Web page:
Credit: Illustration by Slug Signorino

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What are the legal implications of getting a tattoo with a trademarked sports team logo? Would you have to pay royalties? Would you get sued? The NFL is opposed to you even talking about the game the next day; logo tattoos must drive those guys crazy. Or is it free publicity? —Ben

Now, Ben. The NFL doesn’t mind your talking about the game afterward. What they get tetchy about is careless discussion beforehand—e.g., calling that midwinter event they use to fill the time between commercials the S_p_r B_wl rather than “the big game.” However, I think there’s a way you can get away with an unauthorized tattoo. Listen up.

First we asked the big leagues (MLB, NBA, NFL, and NHL) for their position on fan tattoos. Three of the four stonewalled us, no shock. Surprisingly, an MLB lawyer agreed to talk, but unsurprisingly clammed up as soon as he learned we were ferrets from the press. Later we received the following terse statement: “Any use of MLB or Club trademarks requires assessment of the nature and scope of the proposed use. We handle requests for use on a case by case basis and take action when it is discovered that these marks are used improperly.”

Well, that’s helpful, you think. Ah, but it is! MLB has given us the nub of the answer: It depends. We’ll take it step by step.

Fact No. 1: Yes, it’s possible to get sued over the copyright on a tattoo. Ask Rasheed Wallace, the now-retired NBA All-Star. In 1998 Wallace had an Egyptian-themed tattoo—showing a pharaoh, his queen, and their three children—inked onto his right upper arm by tattoo artist Matthew Reed. In 2004 Reed saw Wallace in a Nike TV commercial in which the tattoo was re-created via computer simulation while the basketball player explained its significance. Affronted that he’d received neither credit nor money, Reed sued Wallace, Nike, and the ad agency for publicly displaying what he claimed was his copyrighted work (the tattoo) without his consent. The parties evidently settled out of court. OK, not quite the fact situation you’re describing, Ben, but you see the operative dynamic: art + ego + money = trouble.

Fact No. 2: Pro sports big shots have been known to get seriously ticked off over tattoos. Granted, the people they’re getting ticked off at are mostly athletes wearing tattoo advertisements, not ordinary mopes. Example: in 2001 boxer Bernard “The Executioner” Hopkins wore a temporary tattoo on his back advertising, an online casino, during a televised bout. The Nevada Athletic Commission banned further tattoo ads but lost a court challenge. Then ESPN declared it would not televise fighters sporting ad tats, no doubt thinking: Nobody’s making money selling advertising on our network except us. Returning to the mathematical statement of principles above, we see that the art and ego terms drop out (the controversial messages consisted of unadorned text), and the equation reduces to: money = trouble. True dat.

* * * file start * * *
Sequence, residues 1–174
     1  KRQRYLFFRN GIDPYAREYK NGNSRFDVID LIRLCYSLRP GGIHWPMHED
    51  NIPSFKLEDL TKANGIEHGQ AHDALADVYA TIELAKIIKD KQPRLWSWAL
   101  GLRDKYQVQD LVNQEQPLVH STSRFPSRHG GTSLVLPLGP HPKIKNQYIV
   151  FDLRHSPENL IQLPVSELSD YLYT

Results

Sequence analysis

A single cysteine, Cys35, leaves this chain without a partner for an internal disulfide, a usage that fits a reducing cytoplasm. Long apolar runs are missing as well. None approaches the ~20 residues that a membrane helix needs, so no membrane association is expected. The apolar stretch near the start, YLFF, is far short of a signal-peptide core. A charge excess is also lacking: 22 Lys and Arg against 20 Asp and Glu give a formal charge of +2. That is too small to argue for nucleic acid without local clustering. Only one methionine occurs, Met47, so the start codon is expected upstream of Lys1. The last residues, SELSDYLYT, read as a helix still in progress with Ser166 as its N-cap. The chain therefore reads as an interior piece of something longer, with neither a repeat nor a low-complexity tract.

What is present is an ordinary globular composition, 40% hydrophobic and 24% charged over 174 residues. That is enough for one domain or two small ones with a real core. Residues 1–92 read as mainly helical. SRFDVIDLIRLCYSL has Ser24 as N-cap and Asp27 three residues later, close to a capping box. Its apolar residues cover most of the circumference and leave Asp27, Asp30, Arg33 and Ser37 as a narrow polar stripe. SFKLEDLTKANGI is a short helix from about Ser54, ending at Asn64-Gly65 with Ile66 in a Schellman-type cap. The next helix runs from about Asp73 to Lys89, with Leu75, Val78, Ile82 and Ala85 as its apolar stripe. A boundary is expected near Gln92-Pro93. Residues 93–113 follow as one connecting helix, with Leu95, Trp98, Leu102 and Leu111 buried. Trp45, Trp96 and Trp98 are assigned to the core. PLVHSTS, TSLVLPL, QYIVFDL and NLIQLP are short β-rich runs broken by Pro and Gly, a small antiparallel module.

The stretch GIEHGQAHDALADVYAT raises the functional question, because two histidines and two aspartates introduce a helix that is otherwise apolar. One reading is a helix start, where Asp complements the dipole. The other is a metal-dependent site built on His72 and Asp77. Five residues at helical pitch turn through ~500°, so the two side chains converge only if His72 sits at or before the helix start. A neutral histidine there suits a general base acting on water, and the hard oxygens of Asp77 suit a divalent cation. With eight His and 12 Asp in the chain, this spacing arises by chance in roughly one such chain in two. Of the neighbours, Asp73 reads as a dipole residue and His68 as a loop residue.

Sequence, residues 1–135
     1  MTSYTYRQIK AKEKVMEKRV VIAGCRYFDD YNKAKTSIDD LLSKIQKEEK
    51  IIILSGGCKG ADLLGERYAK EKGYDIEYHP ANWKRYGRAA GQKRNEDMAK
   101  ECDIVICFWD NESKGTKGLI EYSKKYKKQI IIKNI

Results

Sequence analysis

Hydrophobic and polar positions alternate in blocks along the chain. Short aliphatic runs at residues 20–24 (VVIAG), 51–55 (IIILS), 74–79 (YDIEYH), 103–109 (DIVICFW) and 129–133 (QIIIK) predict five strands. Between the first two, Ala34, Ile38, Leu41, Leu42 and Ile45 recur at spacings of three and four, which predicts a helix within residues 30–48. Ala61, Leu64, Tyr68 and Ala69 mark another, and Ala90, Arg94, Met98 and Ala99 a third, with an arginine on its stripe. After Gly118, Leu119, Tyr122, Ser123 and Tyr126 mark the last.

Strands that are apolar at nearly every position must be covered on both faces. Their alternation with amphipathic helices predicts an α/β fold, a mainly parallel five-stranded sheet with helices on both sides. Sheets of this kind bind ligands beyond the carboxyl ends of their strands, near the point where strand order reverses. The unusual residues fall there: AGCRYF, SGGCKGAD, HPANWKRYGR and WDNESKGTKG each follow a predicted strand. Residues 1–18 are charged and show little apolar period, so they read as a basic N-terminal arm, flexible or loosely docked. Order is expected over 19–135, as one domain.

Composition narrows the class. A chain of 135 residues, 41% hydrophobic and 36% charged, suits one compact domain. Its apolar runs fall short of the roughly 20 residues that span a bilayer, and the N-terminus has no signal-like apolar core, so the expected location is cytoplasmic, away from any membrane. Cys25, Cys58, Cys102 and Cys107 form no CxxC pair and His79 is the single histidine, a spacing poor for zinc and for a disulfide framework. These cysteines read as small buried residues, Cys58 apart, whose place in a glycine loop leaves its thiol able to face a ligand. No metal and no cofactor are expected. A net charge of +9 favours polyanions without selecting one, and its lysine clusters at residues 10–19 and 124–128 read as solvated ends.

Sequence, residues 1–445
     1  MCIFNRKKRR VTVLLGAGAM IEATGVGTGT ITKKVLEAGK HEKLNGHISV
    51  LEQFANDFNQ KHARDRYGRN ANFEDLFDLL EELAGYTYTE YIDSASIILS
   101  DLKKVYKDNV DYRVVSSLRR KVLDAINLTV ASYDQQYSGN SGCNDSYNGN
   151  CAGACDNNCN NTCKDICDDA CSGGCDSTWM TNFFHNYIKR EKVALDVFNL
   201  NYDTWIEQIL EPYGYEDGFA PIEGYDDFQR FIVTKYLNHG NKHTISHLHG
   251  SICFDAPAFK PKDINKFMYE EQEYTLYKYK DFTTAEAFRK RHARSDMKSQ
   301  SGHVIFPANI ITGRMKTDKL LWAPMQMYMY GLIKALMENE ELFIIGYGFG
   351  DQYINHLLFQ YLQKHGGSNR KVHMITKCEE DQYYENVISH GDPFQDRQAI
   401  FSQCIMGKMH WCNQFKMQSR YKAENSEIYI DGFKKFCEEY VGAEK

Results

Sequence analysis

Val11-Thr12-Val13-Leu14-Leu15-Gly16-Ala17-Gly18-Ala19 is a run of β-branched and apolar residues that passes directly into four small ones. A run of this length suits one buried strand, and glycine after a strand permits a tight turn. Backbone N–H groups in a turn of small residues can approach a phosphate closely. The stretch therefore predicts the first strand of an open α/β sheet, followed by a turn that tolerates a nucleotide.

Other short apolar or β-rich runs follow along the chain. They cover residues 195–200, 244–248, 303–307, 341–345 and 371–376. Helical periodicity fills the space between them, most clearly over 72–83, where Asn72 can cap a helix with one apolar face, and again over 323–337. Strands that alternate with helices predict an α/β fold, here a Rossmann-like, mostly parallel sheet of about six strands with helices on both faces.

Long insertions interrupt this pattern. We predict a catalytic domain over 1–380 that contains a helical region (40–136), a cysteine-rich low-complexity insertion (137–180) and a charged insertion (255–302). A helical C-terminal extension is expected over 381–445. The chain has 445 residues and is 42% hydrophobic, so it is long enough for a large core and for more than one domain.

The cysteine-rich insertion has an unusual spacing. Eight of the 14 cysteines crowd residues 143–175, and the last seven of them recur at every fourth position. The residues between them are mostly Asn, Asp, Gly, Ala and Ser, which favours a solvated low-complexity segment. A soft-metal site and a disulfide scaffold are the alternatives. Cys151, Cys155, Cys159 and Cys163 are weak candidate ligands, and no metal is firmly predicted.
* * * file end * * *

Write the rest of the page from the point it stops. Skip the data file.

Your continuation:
Fact No. 3: Momentous legal issues are at stake. A 2005 article in the Fordham Intellectual Property, Media & Entertainment Law Journal considered the implications for American jurisprudence if the NBA formally banned commercial tattoos on players. The players have rights to freedom of expression, personal liberty, and privacy. But then there’s—sorry if this gets repetitive—money. In 2001 Rasheed Wallace, a trailblazer in so many ways, reportedly weighed a $15,000 offer from a candy company to wear a temporary tattoo, which surely would have upset Nestlé, the NBA’s official candy sponsor. The league declared they’d block the scheme; Wallace’s agent maintained that the NBA players’ agreement didn’t forbid such things. His client, in the end, said no.

Perhaps you’re thinking: I don’t see what this has to do with whether I can have a Red Wings logo tattooed across my face. You haven’t been paying attention, then. The common element in all the above is that something was at stake financially. Assuming you were acting purely as a deranged fan and stood no chance of personal gain, a lawsuit for trademark infringement, which presumes misappropriation of an image for commercial purposes, would be tough to sustain.

Copyright violation is an easier case to make. The main thing is: What team or league would bother? They’d look like bullies, your pockets probably aren’t that deep, and it’s not like a judge is going to order you to have the tattoo lasered off. Then again, we’re talking about professional sports, where conventional logic is out the window. The best advice I can offer is: Do what thou wilt, tatwise; just be careful nobody but the team owners and the networks makes a buck. —Cecil Adams

Is there something you need to get straight? Take it up with Cecil at